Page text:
Child Abuse: Widespread child abuse persisted, and reports of sexual violence against children continued. The government engaged in public campaigns to combat child rape. The MoGCSP reported removing children from the immediate reach of the perpetrators and placing them in safe homes. During the year the MoGCSP launched a “child hotline.” Because the ministry had not designated a call-answering command center, social workers were responsible for taking calls while working and at home, and they did not always respond.

Prohibition of Forced or Compulsory Labor

The law prohibits all forms of forced or compulsory labor, but the government did not effectively enforce such laws. Resources, inspections, and remediation were inadequate. The law prescribes a minimum sentence of one year’s imprisonment for the trafficking of adults but does not prescribe a maximum sentence; these penalties were not sufficiently stringent to deter violations.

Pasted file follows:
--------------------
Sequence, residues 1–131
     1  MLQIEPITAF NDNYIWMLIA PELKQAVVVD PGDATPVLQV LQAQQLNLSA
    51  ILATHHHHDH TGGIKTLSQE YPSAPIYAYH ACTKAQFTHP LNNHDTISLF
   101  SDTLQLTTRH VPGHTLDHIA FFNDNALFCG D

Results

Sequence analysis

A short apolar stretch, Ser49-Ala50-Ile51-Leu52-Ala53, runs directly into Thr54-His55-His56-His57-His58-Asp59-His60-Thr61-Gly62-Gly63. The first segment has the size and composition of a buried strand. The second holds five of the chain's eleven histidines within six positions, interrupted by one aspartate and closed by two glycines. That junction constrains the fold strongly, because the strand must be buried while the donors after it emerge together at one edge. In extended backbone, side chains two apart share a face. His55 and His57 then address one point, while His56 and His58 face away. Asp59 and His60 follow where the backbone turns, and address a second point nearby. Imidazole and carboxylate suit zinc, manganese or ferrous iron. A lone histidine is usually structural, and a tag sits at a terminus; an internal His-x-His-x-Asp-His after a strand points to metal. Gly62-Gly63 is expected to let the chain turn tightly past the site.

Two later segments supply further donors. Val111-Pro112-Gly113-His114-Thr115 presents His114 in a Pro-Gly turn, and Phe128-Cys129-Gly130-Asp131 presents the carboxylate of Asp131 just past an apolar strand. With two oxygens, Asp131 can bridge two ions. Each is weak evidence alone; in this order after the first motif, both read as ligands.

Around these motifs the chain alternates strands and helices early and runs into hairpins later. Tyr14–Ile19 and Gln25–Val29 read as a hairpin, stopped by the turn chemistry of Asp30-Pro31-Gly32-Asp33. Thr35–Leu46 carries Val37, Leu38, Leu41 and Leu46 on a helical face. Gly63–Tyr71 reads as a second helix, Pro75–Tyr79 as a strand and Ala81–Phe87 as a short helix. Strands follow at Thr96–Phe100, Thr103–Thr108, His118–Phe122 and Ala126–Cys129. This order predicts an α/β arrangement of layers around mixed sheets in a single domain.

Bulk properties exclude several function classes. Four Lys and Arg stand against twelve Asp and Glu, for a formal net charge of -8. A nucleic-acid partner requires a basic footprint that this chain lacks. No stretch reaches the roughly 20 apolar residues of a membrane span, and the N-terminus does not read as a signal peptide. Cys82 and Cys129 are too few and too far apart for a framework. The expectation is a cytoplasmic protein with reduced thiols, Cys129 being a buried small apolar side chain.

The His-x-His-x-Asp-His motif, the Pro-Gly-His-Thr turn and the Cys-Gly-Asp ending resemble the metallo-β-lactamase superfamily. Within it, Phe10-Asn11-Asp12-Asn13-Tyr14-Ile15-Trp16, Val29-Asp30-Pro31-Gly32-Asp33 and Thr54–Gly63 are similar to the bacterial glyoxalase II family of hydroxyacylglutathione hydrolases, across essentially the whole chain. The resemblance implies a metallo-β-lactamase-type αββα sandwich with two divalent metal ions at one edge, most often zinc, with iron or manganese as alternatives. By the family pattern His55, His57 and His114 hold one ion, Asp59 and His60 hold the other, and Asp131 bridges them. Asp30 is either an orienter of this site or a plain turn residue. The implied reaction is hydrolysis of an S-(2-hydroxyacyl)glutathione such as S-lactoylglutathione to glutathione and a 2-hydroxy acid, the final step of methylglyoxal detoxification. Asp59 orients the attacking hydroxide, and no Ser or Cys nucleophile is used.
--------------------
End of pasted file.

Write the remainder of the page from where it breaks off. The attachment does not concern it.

Forced labor occurred. Families living in the interior sometimes sent young women and children to stay with relatives in Monrovia or other cities with the promise that the relatives would assist the women and children to pursue educational or other opportunities. In some instances, these women and children were forced to work as street vendors, domestic servants, or beggars. While there are no official records regarding labor, young women and children also were subject to forced labor on rubber plantations and in gold mines, rock-crushing quarries, and alluvial diamond mines. Forced labor continued despite efforts by the government, NGOs, and other organizations to eliminate the practice.

More details to follow……..